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Finding shared values

We identified patterns and similarities among the issues we brought up together, but let children choose the ones they felt most interested in and connected with so teams formed naturally around the topics. But within the teams we did help them dig deeper — asking multiple times why we want to address precisely this challenge and in what ways might we do it. This way we were able to untangle many complex layers of the issue and reveal what matters to us the most. Was the team interested in coming up with a very specific solution? Or rather, more comfortable addressing abstract needs, such as safety, community, survival? Having reached a sense of shared purpose, each team redefined their design mission.

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Combining ideas

When children were ready to set off on their design mission, we asked them to first ideate individually within the teams, share their ideas and select favourite qualities, functions or add-ons to be then integrated into a brand new concept. This proved productive as all teams were able to come up with a solution that was the result of their shared efforts and everyone felt connected to it throughout the workshop.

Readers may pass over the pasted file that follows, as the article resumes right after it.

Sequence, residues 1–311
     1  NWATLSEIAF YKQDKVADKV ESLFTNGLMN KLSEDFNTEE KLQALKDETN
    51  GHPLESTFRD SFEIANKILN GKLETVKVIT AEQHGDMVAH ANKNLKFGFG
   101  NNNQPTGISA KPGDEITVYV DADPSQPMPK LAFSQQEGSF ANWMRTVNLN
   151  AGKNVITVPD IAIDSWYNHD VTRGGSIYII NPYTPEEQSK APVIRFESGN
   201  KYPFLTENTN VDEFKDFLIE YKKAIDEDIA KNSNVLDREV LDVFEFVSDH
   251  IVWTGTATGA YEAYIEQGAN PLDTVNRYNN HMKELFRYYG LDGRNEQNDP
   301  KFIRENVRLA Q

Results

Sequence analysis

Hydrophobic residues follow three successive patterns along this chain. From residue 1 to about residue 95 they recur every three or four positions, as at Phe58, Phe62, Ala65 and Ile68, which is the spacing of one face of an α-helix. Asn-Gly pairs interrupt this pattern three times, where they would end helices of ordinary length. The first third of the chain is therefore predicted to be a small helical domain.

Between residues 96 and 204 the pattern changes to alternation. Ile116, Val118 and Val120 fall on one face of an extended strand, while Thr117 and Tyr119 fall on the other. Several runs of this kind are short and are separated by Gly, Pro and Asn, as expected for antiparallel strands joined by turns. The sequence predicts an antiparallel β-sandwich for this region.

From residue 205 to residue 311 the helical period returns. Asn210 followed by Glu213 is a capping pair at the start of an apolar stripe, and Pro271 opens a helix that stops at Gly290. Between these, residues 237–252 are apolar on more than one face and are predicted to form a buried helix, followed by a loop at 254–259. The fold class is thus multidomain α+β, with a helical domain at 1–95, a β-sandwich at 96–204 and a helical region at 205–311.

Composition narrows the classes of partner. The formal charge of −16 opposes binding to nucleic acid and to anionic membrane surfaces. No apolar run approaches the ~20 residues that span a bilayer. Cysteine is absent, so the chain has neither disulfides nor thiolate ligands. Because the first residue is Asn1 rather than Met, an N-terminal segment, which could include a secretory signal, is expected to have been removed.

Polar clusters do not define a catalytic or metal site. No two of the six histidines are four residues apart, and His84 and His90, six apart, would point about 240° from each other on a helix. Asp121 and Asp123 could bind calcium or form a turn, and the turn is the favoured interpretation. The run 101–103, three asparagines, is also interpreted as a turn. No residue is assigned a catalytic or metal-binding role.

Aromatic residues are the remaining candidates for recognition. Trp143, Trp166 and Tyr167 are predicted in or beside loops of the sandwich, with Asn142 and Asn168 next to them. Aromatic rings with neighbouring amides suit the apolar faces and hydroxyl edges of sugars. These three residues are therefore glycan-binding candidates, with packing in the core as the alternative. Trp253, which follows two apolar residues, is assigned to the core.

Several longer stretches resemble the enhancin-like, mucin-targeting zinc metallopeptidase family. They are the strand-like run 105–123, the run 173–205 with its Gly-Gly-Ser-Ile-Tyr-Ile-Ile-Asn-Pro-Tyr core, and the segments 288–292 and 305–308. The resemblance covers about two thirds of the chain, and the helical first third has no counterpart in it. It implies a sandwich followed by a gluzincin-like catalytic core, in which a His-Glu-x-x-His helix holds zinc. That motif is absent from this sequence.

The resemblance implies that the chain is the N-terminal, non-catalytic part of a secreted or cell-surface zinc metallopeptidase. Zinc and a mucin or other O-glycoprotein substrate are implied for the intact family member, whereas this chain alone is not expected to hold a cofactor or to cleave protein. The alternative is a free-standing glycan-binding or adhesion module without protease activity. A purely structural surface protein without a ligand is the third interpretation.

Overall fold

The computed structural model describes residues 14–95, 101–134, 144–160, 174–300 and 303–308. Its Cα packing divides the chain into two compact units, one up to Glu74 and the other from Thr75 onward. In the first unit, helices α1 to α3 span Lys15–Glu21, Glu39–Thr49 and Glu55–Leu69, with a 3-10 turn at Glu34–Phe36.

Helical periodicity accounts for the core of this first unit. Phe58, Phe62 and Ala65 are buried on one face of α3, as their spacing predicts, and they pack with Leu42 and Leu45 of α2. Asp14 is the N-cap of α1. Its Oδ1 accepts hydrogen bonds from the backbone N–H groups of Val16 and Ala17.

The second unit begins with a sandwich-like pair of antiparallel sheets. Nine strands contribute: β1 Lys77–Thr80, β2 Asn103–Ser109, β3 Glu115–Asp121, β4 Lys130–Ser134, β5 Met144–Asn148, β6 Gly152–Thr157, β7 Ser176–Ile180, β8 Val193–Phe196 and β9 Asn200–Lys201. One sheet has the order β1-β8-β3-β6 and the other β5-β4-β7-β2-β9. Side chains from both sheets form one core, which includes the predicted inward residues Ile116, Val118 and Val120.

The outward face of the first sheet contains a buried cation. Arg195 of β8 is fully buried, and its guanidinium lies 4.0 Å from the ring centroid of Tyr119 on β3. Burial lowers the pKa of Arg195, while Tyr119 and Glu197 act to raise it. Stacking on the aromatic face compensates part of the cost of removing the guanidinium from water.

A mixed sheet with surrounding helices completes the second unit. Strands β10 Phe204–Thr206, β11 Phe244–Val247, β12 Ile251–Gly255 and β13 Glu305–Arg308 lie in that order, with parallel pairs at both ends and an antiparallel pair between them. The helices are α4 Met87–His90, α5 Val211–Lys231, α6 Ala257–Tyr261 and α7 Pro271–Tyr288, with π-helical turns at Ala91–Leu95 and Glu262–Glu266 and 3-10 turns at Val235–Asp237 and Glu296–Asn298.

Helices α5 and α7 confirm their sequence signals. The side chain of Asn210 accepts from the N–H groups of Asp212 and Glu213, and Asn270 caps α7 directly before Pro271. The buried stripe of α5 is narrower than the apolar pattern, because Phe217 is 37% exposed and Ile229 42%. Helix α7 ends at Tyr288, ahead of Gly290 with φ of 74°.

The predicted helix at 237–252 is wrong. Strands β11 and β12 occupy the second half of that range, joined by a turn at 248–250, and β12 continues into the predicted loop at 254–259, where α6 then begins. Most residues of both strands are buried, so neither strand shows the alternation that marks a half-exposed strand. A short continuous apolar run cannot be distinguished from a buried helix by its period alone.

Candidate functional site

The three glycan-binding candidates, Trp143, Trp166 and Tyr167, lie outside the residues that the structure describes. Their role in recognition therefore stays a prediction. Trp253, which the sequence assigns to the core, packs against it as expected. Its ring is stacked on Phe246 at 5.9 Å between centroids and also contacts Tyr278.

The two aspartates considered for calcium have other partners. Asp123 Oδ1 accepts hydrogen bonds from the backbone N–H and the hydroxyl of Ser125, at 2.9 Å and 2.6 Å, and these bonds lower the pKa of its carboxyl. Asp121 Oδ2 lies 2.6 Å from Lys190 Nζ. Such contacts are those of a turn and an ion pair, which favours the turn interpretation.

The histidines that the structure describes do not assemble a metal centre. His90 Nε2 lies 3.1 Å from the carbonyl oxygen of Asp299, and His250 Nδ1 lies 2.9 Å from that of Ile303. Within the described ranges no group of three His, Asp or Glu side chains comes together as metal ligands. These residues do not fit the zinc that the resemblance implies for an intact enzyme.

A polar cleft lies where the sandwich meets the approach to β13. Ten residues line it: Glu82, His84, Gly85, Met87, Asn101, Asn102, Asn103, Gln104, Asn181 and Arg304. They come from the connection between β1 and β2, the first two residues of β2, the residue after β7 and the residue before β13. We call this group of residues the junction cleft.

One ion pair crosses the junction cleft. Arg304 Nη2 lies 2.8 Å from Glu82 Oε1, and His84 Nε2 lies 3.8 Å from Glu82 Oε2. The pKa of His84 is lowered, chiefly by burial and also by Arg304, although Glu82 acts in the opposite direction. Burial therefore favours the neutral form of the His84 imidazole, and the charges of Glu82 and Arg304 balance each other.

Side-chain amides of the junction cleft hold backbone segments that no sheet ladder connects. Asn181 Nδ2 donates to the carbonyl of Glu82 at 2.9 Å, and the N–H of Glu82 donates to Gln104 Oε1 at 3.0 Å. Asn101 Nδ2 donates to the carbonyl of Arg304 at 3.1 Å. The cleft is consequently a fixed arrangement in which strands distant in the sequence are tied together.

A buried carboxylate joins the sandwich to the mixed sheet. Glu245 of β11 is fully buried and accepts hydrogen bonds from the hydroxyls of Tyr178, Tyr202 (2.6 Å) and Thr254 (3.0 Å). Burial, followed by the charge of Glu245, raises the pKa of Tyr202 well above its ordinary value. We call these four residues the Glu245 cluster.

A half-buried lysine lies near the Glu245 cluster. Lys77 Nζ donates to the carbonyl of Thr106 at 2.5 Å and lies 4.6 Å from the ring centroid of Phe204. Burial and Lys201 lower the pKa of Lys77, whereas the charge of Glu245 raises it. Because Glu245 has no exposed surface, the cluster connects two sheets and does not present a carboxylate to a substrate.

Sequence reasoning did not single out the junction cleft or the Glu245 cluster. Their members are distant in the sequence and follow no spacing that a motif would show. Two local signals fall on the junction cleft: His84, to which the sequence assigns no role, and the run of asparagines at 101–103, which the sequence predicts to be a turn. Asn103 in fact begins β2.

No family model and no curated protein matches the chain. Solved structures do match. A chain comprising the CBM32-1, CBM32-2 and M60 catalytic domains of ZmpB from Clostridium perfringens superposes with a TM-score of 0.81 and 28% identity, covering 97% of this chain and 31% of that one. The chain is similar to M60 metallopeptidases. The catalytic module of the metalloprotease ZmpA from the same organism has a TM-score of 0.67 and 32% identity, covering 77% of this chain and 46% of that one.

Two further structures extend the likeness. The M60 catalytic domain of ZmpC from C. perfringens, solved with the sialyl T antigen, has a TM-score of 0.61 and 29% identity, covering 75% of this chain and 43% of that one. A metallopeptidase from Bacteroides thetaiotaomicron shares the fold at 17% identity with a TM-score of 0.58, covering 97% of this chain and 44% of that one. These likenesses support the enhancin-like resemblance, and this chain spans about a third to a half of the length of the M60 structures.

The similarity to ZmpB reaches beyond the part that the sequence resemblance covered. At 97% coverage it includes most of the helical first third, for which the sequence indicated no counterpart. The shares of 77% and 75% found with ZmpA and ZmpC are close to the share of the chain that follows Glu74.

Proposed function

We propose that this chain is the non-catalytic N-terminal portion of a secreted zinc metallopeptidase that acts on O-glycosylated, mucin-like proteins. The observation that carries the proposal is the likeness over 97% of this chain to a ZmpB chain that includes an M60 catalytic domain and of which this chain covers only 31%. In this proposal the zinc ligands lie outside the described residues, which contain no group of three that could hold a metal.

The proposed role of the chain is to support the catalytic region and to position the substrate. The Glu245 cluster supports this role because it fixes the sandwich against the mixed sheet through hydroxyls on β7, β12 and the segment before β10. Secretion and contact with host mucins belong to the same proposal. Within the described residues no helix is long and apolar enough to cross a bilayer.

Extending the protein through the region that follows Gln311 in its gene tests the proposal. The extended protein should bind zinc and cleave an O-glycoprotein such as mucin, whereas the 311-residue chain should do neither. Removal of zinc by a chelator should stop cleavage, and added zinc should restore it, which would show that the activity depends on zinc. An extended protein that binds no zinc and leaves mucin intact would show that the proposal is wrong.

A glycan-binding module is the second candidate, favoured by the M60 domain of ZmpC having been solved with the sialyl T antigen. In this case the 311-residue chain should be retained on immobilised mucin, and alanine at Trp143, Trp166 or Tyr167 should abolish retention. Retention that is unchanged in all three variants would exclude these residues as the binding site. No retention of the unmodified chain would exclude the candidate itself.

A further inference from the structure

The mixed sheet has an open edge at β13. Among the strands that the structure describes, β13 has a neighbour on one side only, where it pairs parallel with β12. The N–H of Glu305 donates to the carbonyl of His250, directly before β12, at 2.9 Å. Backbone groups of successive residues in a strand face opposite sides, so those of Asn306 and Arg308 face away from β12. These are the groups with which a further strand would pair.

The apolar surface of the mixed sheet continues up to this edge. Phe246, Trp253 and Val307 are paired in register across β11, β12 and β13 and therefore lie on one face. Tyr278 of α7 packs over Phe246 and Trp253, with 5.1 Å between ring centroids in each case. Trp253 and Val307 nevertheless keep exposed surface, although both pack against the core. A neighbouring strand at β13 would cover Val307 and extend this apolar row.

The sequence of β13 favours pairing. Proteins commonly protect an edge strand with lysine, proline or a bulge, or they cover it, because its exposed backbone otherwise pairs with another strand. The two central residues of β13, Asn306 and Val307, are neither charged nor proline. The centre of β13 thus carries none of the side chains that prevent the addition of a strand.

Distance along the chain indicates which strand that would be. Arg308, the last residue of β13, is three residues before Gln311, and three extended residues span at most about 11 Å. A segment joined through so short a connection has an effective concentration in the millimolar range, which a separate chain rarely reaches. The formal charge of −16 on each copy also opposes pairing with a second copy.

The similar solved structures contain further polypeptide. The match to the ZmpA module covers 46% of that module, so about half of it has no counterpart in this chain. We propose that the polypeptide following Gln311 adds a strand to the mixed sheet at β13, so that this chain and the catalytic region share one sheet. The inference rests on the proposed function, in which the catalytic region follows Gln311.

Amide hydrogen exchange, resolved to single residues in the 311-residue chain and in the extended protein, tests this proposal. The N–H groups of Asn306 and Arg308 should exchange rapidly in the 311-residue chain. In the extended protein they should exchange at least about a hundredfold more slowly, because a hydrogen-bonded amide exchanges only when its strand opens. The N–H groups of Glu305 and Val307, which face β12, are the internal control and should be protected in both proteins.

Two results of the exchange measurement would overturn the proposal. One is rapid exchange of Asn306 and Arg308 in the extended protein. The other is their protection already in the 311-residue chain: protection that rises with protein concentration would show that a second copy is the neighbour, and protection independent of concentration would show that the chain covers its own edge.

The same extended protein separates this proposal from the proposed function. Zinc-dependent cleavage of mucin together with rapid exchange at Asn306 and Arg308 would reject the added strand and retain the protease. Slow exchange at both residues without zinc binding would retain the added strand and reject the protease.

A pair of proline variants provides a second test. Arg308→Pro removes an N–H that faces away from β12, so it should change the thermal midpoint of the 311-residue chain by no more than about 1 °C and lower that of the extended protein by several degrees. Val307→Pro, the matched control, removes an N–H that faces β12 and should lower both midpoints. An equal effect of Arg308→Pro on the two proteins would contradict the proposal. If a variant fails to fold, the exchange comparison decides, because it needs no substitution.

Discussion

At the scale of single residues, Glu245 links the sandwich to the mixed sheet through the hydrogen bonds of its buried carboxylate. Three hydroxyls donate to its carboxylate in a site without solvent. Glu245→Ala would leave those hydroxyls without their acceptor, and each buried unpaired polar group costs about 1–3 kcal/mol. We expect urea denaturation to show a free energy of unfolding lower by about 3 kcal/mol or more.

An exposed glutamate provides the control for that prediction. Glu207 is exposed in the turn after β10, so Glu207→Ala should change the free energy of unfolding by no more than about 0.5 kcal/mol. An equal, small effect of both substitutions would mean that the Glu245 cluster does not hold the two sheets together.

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Getting feedback

Presenting quick prototypes to other teams and seeking feedback was one another addition to the process we made. Children were surprisingly skilled at asking the difficult questions, but also quick to come up with smart workarounds on the spot. We held feedback rounds both after the first prototyping task, as well as at the end of the workshop when we got to test the more complex prototypes developed with everyone’s input in mind.

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Building bridges to reality

The challenges we identified and decided to tackle during this VIVITA Design Sprint were the industrial pollution of water, the impact of water pollution on plant and animal life, and oil spills in oceans. Children were eager to share their solutions with the wider community and wished to appeal to scientists to help bring them to life, so here they are:

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Unbreakable shipping container with a rocket-fueled teleporting system in case of sinking
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Fish-shaped robot that collects ocean trash and provides medical treatment to ocean animals that have consumed plastic
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Robot-operated filtering and recycling system for industrial chimneys

Looking back on these two days with a strong sense of being on the right track, we carry on our mission to keep improving the Design Sprint format we run, making it even more playful and child-friendly, but also bringing children’s ideas one step further into the implementation phase. Something’s always cooking at VIVITA!

Kids and Youth Creativity Accelerator